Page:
Cloud Storage Subscriptions to See Triple Digit Growth

cloud-computingThe volume of cloud storage subscriptions services by companies will experience explosive growth globally, reaching 500 million this year, compared to 300 million subscriptions made in 2011, encouraging businesses of all sizes and business sectors to enter the market.

This is indicated in a report by consultancy firm IHS iSuppli, which provides that subscriptions to cloud storage services will reach 625 million in 2013, registering a robust growth of 25 percent, a trend that will continue in subsequent years until at least 2017, which is estimated to reach $1.3 billion.

“In an environment where mobile devices like smartphones and media tablets handle broadband data on a near-ceaseless basis, businesses are realizing the importance of cloud services in allowing consumers to manage, store and sync content across their devices,” said Jagdish Rebello, Ph.D., director for consumer & communications at IHS. “And with companies casting about for new viable business models in order to monetize data traffic, cloud-based services could help lead firms into the next revolution of the wireless industry—or at least remain pertinent in the new mobile broadband paradigm. However, providing cloud services is not profitable as a standalone service, challenging companies to identify value-added services that could generate revenue.”

IHS iSuppli notes that interest in cloud storage services offer is being extended to companies of all types and condition – from wireless providers and mobile network providers, which are those with control over the broadband spectrum, the Giants corporate as Amazon, Google, Microsoft and Apple, through independent suppliers and specialized cloud storage like Dropbox, Barracuda, Carbonite, SugarSync, Synplicity, Funanbol and Mozy.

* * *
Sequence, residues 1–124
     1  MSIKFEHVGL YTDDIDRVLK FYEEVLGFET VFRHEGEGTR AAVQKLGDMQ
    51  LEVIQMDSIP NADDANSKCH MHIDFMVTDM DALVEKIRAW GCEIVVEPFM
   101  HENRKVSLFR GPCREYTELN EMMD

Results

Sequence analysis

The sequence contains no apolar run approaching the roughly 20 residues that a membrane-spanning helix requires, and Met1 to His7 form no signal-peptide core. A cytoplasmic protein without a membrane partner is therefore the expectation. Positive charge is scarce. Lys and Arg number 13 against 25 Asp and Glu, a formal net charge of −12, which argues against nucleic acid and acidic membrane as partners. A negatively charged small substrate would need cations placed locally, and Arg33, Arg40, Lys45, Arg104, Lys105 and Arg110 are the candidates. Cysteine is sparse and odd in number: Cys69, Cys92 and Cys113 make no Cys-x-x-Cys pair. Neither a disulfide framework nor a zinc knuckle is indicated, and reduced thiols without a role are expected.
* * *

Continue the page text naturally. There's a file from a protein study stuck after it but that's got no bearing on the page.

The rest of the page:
Overall, cloud computing storage will see massive change as people will start storing digital pictures, video, music and files across multiple clouds and devices. Cloud storage will be a game changer, representing a fundamental shift from storing personal contents to additional mobile and connected devices storage including ebook readers, cameras, camcorders, media tablets, Internet-enabled TVs and connected car systems.

Google’s offering in cloud storage service lets users upload personal music, to which they can listen anywhere. Apple’s iCloud allows users to purchase, store and access content in cloud. Similarly, Dropbox now has more than 50 million users.

Competition in the long run can bring a wide array of cloud service and storage solutions from different cloud vendors, but at the same time cloud storage providers will also find it difficult to remain financially viable.

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